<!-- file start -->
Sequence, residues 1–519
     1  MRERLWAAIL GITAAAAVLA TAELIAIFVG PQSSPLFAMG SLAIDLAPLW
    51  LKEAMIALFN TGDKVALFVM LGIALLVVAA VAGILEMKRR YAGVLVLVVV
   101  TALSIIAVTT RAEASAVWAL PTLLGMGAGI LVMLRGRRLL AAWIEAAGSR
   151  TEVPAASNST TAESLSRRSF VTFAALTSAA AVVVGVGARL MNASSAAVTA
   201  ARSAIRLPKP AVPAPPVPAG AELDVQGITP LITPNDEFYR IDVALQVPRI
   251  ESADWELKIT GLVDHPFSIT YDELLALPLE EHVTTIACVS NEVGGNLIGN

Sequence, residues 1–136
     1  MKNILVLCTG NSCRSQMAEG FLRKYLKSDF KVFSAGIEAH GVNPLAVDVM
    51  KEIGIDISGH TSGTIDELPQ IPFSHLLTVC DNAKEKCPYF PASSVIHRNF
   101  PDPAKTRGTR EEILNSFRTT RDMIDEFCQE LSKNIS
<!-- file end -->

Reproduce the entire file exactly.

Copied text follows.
Sequence, residues 1–519
     1  MRERLWAAIL GITAAAAVLA TAELIAIFVG PQSSPLFAMG SLAIDLAPLW
    51  LKEAMIALFN TGDKVALFVM LGIALLVVAA VAGILEMKRR YAGVLVLVVV
   101  TALSIIAVTT RAEASAVWAL PTLLGMGAGI LVMLRGRRLL AAWIEAAGSR
   151  TEVPAASNST TAESLSRRSF VTFAALTSAA AVVVGVGARL MNASSAAVTA
   201  ARSAIRLPKP AVPAPPVPAG AELDVQGITP LITPNDEFYR IDVALQVPRI
   251  ESADWELKIT GLVDHPFSIT YDELLALPLE EHVTTIACVS NEVGGNLIGN

Sequence, residues 1–136
     1  MKNILVLCTG NSCRSQMAEG FLRKYLKSDF KVFSAGIEAH GVNPLAVDVM
    51  KEIGIDISGH TSGTIDELPQ IPFSHLLTVC DNAKEKCPYF PASSVIHRNF
   101  PDPAKTRGTR EEILNSFRTT RDMIDEFCQE LSKNIS